The 53-year-old Light said he's running because it's time to "go from activist to actually participating in city government."

His platform also includes attracting new business and fighting to retain a healthy aerospace industry.

What's changed over the course of eight years, he said, is that he's gained more experience and has shown he can work with people on opposite sides of an issue.

"I've demonstrated my ability to work with stakeholders across the community," Light said. "I have a track record. My platform mirrors what I've been working for in the community for many years."

Ginsburg is another familiar name in District 1, where he's served on Riviera Village's Business Improvement District board since 2003. The BID helps to fund improvements such as new planters, banners and decorative lights.

Ginsburg, who runs a property management business, sits on the Public Works Commission, and several years ago graduated from a Chamber of Commerce-sponsored leadership program.

Ginsburg, 49, sees himself as "the type of guy that's good at bringing people together."

He's skeptical that AES would "hand over the keys" if Measure A passes, believing the initiative could eventually land the city in court.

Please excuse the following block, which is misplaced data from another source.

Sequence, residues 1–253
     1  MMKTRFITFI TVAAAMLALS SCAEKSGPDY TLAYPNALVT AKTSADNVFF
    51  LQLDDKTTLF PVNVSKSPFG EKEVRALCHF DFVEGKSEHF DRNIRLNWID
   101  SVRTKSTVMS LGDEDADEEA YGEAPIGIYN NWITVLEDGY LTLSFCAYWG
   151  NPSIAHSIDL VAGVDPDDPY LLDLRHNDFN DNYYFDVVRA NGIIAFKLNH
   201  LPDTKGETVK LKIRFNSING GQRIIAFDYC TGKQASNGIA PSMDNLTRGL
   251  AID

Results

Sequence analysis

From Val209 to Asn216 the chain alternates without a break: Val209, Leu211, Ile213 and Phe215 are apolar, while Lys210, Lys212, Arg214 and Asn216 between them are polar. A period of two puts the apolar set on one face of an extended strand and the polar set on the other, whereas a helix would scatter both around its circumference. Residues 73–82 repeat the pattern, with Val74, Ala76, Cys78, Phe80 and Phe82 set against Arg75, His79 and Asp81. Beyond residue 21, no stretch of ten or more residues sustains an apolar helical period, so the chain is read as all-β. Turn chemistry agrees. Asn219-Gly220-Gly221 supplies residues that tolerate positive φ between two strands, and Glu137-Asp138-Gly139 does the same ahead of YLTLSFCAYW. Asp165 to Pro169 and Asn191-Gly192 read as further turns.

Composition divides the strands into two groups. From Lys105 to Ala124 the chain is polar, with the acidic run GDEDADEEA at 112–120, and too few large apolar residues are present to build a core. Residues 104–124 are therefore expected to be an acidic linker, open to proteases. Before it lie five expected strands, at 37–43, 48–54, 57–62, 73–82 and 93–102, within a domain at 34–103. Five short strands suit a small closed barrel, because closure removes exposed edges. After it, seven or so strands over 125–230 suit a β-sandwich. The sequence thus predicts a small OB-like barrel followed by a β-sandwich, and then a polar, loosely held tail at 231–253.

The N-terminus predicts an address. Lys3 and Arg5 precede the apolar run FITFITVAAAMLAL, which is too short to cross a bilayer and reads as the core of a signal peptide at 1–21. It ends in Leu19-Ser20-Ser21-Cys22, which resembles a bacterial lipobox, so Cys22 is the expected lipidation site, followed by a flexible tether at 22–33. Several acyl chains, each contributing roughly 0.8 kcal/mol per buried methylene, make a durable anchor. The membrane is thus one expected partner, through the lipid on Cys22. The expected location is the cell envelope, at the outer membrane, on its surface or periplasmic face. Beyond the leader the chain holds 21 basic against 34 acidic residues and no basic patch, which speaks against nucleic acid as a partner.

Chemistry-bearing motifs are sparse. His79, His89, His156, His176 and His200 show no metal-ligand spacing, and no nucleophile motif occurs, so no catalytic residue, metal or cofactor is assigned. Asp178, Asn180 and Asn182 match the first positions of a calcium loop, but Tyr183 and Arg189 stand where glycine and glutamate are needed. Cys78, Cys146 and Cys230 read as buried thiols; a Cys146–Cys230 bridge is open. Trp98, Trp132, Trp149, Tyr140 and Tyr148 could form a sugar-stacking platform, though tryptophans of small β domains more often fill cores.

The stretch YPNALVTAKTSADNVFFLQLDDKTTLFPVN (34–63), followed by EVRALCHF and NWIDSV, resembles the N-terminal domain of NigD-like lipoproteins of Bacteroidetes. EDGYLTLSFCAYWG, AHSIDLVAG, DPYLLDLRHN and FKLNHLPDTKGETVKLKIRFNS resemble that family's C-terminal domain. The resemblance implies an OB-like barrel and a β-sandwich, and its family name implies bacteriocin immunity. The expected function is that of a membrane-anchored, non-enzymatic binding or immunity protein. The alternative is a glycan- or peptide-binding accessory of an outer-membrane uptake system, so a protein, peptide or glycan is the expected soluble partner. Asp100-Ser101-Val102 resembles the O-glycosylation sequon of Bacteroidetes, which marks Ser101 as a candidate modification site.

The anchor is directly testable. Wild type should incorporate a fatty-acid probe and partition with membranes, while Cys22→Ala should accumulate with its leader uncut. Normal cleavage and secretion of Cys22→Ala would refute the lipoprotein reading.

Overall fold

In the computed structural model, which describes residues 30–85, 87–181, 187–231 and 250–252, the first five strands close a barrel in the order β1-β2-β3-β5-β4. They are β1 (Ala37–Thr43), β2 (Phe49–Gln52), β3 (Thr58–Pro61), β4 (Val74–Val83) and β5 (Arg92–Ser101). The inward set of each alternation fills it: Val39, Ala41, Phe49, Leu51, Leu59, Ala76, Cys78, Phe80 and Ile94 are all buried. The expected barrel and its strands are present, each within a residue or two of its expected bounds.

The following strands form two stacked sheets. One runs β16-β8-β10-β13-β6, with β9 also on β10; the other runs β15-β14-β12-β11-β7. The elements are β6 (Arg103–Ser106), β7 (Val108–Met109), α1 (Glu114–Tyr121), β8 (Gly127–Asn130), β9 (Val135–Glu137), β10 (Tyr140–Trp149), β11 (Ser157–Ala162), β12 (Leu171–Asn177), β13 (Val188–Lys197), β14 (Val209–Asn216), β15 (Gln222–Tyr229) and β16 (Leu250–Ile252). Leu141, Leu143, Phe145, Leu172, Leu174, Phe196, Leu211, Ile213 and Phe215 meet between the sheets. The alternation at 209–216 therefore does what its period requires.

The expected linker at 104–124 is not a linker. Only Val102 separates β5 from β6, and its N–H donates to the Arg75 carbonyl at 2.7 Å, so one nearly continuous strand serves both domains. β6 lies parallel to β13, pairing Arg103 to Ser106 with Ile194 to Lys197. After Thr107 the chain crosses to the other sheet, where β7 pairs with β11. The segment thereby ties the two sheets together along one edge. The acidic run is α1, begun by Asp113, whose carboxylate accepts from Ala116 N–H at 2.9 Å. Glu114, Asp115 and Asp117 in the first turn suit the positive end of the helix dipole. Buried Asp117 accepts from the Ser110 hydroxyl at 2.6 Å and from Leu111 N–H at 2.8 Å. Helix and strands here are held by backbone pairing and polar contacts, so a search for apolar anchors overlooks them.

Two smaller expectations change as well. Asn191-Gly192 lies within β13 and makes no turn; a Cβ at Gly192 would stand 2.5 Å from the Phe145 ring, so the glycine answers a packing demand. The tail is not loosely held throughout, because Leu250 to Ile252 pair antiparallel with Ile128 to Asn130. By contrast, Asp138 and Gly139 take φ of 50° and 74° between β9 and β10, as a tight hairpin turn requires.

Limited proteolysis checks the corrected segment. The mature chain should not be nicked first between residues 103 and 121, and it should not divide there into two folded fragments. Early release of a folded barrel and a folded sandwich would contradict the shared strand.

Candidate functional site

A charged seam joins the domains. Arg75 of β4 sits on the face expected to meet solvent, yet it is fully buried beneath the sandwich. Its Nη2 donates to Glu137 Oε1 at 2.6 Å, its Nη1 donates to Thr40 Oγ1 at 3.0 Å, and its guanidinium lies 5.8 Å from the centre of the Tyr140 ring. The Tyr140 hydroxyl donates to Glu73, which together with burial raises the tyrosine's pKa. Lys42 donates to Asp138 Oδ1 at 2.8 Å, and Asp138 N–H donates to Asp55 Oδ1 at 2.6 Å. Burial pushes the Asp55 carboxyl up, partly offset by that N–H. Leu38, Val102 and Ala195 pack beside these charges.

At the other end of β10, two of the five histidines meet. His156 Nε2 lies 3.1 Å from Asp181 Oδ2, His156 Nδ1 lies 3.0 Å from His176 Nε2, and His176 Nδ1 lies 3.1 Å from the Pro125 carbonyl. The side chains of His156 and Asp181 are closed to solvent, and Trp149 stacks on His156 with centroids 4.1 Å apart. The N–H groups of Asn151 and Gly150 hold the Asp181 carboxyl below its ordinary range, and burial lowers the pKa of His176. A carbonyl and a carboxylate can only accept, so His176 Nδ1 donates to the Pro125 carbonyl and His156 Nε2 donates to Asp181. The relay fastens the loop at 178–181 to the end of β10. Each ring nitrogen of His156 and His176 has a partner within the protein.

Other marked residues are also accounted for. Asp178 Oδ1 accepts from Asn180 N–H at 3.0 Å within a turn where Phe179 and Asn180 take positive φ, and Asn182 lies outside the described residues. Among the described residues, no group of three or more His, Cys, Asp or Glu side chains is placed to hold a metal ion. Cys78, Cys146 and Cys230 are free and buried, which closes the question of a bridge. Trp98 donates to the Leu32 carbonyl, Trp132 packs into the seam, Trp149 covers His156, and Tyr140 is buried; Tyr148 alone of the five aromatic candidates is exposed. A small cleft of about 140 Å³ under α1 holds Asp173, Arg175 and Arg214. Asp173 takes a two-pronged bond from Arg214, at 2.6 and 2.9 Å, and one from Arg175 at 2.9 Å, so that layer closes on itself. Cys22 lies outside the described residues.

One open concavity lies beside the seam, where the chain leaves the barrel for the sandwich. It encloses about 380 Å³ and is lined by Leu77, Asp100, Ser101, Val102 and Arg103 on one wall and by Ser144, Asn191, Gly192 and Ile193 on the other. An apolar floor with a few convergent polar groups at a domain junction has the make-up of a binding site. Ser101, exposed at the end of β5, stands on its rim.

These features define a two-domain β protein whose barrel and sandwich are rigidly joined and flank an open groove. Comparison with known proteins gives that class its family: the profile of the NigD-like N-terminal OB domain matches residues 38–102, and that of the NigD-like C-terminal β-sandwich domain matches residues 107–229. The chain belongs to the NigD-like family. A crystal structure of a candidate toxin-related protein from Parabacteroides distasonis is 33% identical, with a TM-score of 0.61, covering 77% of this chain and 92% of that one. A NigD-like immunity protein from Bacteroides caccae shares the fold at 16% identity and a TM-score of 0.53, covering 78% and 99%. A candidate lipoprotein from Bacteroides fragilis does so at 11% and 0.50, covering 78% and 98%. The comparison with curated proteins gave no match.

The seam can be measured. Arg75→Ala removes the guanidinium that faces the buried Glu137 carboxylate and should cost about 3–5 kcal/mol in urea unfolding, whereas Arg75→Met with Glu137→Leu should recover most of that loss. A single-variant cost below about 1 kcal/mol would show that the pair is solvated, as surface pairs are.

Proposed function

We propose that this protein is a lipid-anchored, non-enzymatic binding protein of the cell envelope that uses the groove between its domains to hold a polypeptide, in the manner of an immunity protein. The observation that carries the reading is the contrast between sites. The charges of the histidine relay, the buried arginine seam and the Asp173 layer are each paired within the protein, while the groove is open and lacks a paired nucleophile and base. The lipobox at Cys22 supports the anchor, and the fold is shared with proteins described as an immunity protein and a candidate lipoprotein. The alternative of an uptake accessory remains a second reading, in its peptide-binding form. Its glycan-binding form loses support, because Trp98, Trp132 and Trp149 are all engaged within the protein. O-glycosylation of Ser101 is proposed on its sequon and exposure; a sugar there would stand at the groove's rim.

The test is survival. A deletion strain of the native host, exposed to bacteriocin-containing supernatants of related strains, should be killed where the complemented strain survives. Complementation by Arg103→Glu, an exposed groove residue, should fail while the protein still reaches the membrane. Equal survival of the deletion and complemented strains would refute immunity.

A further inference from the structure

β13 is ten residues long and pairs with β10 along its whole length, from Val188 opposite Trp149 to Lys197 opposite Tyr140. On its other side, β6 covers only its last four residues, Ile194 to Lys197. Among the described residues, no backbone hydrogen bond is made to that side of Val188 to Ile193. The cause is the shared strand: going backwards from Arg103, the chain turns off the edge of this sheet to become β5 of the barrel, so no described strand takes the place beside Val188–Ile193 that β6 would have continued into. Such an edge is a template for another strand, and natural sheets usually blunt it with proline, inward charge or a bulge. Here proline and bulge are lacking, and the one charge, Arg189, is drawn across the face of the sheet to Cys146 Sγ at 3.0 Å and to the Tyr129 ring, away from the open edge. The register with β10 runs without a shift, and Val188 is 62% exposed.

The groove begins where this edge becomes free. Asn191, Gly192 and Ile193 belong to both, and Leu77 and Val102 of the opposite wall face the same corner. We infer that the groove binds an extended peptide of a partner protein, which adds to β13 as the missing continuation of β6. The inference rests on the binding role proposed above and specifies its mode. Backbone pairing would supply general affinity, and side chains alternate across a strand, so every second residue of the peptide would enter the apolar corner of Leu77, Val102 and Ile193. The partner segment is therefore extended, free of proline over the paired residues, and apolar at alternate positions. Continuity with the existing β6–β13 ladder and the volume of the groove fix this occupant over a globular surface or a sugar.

Priorities include rehabilitating the town's infrastructure and increasing police staffing.

"If you're not enforcing the rules and the laws," Ginsburg said, "people slowly figure it out and things get worse."

It was a proposed wastewater fee increase that sparked Kimberly Fine's interest in city government.

Fine, 45, sells insurance and runs a time management business called Finding Time. As the city proposed the fee hike as a way to fund repairs to the sewer system, Fine said she was approached by an elderly neighbor who wanted help writing a protest letter. 

Convinced the hike wasn't fair to people on fixed incomes, she eventually began handing out protest forms in local neighborhoods.

The rate hike ultimately passed, but Fine has held onto a feeling that city government is working as well as it should be.

"I just really care about the city, and I'm taking this from the point of extended community service," she said.

Her goals include making the city more business friendly and revitalizing the Pacific Coast Highway corridor. She declined to publicly state her views on Measure A. If elected, Fine said she'd forgo pension and health benefits.